CASE STUDY (4 questions – 20 marks total)

 

Read the article below. In no more than 3 single-spaced pages or 1200 words total, answer the following questions:

 

  1. A) Write a brief analysis of the fast fashion industry. (6 marks)
  2. B) Using the information from the case and also the risk discussion during the course, identify 3 risks facing Uniqlo as it looks to continue its global growth and expansion. How could Uniqlo mitigate each of these risks? (6 marks)
  3. C) Analyze the marketing mix, as pursued by Uniqlo. In your opinion, which element in the marketing mix is the most important for the company’s international success? (5 marks)
  4. D) Based on the information in the case, would you advise Uniqlo’s executives to continue operations in the United States? Why or why not? (3 marks)

 

Uniqlo, a Japanese “fast fashion” retail chain, is a success story in Japan (its home market), China, South Korea, Taiwan and even Europe (although it is closing some stores in Britain).

In the United States, however, it has been struggling. Currently, Uniqlo has more than 40 stores there and has been operating in the US for more than a decade. Yet, it is still relatively little known.

Its newest location recently opened in Chicago on the Magnificent Mile (the main shopping area in Chicago), with much fanfare. Uniqlo branded a subway train with Japanese lanterns and Japanese pop music, created a media spectacle and hired local ‘tastemakers’ (chefs, musicians, cheerleaders and others) to model their clothing on the website. Despite this marketing effort, sales have been less stellar than hoped for.

Uniqlo’s US presence is smaller than that of fast fashion rivals, such as Zara, Mango and H&M. It is also smaller than casual-clothing chains like the Gap, Forever 21 and American Eagle. Finally, it is also smaller than “off-price” sellers of designer labels, such as Ross and T.J. Maxx.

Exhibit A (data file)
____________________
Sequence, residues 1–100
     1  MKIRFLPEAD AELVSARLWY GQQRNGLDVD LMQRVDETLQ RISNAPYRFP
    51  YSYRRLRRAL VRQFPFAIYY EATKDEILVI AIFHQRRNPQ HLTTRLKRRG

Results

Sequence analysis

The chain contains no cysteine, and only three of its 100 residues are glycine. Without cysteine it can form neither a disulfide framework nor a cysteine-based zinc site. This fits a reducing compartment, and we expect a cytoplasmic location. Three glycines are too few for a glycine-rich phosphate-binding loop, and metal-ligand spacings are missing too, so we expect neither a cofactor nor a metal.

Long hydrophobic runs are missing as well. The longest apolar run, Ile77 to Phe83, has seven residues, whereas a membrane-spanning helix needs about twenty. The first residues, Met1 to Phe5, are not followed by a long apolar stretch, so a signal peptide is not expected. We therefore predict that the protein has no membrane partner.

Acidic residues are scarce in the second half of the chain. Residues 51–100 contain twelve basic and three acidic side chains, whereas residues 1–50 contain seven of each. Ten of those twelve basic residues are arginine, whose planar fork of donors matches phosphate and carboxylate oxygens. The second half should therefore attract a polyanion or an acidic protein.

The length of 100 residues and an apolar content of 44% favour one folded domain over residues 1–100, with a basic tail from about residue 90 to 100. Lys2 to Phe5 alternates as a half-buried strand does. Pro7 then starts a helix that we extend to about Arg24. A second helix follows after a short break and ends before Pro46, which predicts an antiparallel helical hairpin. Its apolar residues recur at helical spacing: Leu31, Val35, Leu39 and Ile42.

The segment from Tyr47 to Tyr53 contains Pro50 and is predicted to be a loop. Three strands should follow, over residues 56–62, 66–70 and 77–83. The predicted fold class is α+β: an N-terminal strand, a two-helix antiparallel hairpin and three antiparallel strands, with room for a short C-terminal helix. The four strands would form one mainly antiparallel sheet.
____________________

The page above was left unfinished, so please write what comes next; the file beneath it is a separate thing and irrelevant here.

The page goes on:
The US retail market is notoriously competitive, whether firms are domestic or foreign. American Eagle (domestic) declared bankruptcy in October 2015. The Gap (domestic) is closing a quarter of its 675 US stores. J.Crew (a domestic brand that Uniqlo’s parent company considered buying in 2014) is reporting slumping sales, as is Abercrombie & Fitch (also domestic). Mango (foreign) had entered into a partnership with J.C. Penney, but is closing all of these outlets­. United Colours of Benetton (foreign) closed its last US store in September 2015, however Primark (an Irish retailer) opened its first US store in that same month.

Uniqlo’s US performance is starting to affect its bottom line. The company reported losses in the fourth-quarter of 2015 largely due to its US stores. As a result, the company is lowering its expansion plans for the US. Whereas Uniqlo once intended to open 200 stores by 2020, the company is now only looking at opening 5 stores in 2016 (compared to 17 in 2015). Uniqlo’s weakest US stores are in suburban shopping malls, as shoppers there are not familiar with the brand. So, the company is looking at closing these locations and instead focusing its resources on larger city-centre stores (like the one in Chicago) and on online sales. Only 15% of Uniqlo’s US sales are done through the internet.

Investors are questioning whether Uniqlo should stay in the US at all. But some say that it is doing so well in Asia that it can afford to bear some losses in the US until the investment pays off. Others suggest the company cannot become the world’s top fashion brand (as it claims is its goal) if it leaves the world’s largest retail clothing market. Others suggest Uniqlo’s stores in the US may not need to make much money to pay benefits for Uniqlo’s Asian customers. Uniqlo’s main US stores are in prominent locations in the main US cities visited by Asian tourists. These prime retail locations help to reinforce Uniqlo’s image as a global fashion success with these customers, where most of its growth opportunities likely still lie.

Fashion Industry Case Study